RCP members drop 13-year opposition to assisted dying

Following a poll of its members, the Royal College of Physicians (RCP) has now adopted a neutral stance on the issue of assisted dying.

Some groups have spoken out against the change, saying a respected medical body’s reputation has been damaged. Others called the decision ‘absurd’.

Under UK law, it is currently illegal to encourage or assist a suicide.

Nearly 7000 doctors voted in the online poll:

  • 43% thought the college should oppose a change in the law
  • 32% wanted the college to support a change 
  • 25% were neutral

As a result, the college has shifted to a neutral stance because neither side achieved a necessary majority of 60%.

This shift by the Royal College of Physicians has no effect on the law and does not bring assisted dying any closer. However, it is symbolic that a respected medical institution should change its stance, which has been warmly welcomed by campaigners aiming to change the law. 

The decision has infuriated those opposed to the change, who argue that it is unreasonable to demand a majority of 60% or above in order to maintain the status quo. 

What are your views? Please do add your comments to this blog.

You can also read the editorial on the RCP’s survey by clicking here

Comments (20) Add yours ↓
  1. Nicola Padel Psychatrist (retired) and psychotherapist

    I have long thought it is inconsistent of doctors to say, as they apparently do in numbers, they would like to be able to end their own lives when terminally ill at a time of their choosing, yet not participate in offering the same to non-medics

    March 29, 2019 Reply
  2. Max Gibbs Retired GP

    Not quite as far as I had hoped but a start in treating people as responsible adults who have a right to make their own decisions with safeguards to protect those who are vulnerable .

    March 29, 2019 Reply
  3. Nick Farmer Podiatrist

    I am glad in one way but still frustrated that they could not think a little deeper and come out in favour of assisted dying. How they could back the Liverpool Pathway which basically meant they could withdraw medication from someone who was suffering so that they would ‘die naturally’ (I use that phrase with contempt) – and NOT assisted dying is beyond me.

    I sometimes think that many of the medical profession and politicians are hard to differentiate. They don’t take into consideration what the public wants – just what they want.

    March 29, 2019 Reply
  4. Irene Lee Physician Trainee CT2

    The topic of Assisted Dying can be very confusing for many including healthcare professionals. The definition of assisted dying can be poorly understood even with in practicing doctors.

    RCP adopting a neutral position reflects the diversity and different opinions of its members. The neutral stance allow clinicians to discuss and debate openly. That is not to say we (as physicians) have move toward supporting assisted dying. It is completely possible that by talking and learning about it, some might gain deeper understanding and perhaps firmer opposition to assisted dying.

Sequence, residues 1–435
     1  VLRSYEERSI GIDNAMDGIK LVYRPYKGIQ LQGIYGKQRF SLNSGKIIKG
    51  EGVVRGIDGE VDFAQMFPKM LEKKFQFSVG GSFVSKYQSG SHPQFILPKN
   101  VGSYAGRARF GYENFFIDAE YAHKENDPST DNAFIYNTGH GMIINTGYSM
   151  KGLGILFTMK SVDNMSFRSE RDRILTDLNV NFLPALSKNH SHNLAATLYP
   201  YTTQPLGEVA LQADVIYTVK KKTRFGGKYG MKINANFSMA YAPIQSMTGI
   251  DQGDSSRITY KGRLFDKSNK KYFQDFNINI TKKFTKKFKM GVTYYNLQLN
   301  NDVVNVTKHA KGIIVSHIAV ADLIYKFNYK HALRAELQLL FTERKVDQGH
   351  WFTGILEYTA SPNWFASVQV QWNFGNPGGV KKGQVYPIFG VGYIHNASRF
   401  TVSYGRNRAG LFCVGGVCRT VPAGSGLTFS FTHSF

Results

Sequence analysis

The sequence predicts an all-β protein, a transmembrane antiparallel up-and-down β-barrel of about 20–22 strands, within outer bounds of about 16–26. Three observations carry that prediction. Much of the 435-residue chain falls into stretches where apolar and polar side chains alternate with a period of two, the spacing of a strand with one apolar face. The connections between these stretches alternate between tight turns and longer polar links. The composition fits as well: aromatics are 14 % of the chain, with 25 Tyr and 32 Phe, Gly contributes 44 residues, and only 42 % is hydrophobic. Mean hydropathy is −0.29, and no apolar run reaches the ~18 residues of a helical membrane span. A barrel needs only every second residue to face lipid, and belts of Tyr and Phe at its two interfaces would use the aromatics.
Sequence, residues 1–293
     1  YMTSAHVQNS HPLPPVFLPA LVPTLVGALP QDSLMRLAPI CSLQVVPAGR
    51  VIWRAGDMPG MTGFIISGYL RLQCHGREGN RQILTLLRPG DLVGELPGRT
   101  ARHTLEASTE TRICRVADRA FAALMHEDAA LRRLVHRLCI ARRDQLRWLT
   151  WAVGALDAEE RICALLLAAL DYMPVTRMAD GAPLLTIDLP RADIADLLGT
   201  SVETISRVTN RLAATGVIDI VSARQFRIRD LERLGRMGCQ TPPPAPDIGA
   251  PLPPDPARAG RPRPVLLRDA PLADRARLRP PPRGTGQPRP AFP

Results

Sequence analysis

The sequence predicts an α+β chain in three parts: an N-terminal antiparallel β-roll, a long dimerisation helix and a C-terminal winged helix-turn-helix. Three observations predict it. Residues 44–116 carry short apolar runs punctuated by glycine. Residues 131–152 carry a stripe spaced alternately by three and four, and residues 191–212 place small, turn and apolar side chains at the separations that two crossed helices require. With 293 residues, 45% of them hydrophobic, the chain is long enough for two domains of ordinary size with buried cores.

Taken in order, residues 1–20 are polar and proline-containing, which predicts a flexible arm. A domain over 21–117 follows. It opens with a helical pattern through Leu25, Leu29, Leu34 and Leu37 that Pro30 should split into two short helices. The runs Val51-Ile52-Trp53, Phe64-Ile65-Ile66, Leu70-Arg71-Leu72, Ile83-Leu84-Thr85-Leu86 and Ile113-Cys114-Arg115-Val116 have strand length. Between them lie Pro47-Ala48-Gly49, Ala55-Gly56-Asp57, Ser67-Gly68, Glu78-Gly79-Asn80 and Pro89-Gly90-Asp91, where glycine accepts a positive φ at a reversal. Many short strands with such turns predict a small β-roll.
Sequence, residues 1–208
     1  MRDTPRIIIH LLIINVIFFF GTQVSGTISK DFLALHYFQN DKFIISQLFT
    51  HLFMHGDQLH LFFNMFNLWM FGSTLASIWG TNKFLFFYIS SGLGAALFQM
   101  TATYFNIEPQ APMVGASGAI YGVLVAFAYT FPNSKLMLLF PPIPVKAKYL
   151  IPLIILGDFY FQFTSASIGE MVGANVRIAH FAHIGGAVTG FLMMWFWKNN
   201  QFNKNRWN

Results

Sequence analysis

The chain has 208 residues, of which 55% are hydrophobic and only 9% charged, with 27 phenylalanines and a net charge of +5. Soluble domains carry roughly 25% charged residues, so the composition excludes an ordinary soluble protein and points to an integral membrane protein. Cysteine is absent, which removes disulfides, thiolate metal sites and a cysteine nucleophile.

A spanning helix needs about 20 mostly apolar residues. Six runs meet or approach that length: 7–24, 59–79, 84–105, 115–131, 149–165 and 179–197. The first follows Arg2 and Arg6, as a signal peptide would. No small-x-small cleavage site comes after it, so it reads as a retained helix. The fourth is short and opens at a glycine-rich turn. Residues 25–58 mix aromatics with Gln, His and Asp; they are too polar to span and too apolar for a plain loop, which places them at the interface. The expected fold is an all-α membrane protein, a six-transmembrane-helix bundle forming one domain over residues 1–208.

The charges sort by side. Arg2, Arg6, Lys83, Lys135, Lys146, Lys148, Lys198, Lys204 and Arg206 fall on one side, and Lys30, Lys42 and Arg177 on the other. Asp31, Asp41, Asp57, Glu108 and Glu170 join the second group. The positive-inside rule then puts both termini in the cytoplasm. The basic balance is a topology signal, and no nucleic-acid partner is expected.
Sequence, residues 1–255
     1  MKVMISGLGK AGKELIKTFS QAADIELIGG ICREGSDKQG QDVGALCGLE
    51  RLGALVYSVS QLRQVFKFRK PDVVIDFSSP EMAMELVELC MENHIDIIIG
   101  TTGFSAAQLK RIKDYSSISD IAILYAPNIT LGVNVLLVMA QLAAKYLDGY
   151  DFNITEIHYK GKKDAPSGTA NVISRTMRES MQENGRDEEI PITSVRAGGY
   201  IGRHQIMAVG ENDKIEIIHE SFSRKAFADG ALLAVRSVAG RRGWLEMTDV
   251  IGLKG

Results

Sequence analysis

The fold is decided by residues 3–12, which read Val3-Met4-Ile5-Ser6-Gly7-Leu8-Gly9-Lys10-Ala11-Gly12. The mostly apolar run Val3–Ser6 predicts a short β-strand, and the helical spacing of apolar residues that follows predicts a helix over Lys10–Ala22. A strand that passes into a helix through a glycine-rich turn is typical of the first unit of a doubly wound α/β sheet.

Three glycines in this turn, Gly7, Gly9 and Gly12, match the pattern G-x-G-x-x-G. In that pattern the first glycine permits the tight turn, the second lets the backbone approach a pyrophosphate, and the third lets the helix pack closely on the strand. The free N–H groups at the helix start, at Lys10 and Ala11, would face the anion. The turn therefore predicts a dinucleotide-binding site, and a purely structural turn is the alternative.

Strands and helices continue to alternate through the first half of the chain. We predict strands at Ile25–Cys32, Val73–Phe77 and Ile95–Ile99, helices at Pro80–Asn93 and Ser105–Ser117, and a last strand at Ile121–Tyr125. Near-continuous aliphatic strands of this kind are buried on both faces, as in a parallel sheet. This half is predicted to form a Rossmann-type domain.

The fear of ostracism has limited free of speech on this topic in medical professions for too long. We need to “catch up” on what the different opinions are to advance in the debate of this topic.

    March 29, 2019 Reply
  5. Martin Johnson Emeritus Professor in Nursing

    Yes. It makes sense that a neutral position be adopted. Like nurses, many of which would want an assissted or even more active end of life option for themselves and their family, are nervous of approving of this in their professional capacity. Perhaps it can be understood, but it doesn’t make sense, especially when other countries are making reasonable progess with little in the way of genuine problems in this respect.

    The Royal College of Nursing, though rarely a leader in cutting edge ethics because it caters to so many constituencies of nursing, has adopted a neutral stance and some ot its notable Fellows are pro assisted dying. I am deslighted that the RCP has follwed suit with a more accurate representation of the diversity of opinion.

    March 29, 2019 Reply
  6. John Jackson Retired GP & occupational physician

    I think we must expect a gradual shift in the opinions of those who are stakeholders in the issue. 57% either wanted a change in the law or did not oppose it. There will always be some doctors who would be prepared to help people to die with dignity when they want to and some doctors who would never be so prepared. The shift in medical opinion is therefore almost irrelevant. The decision is for society. We would hitherto have expected Parliament to make the decision on behalf of society, but now one might have doubts. , .

    March 29, 2019 Reply
  7. Dr Eleri Wilson-Davies Consultant Medical Virologist

    I am so grateful to the Royal College of Physicians for their new enlightened stance. Along with the majority of the public, I want to have assisted dying available to those in need, with the appropriate checks and balances. Multiple sources are now available, evidencing the success of protections for the vulnerable, while protecting the rights of those who would suffer at the end of their life.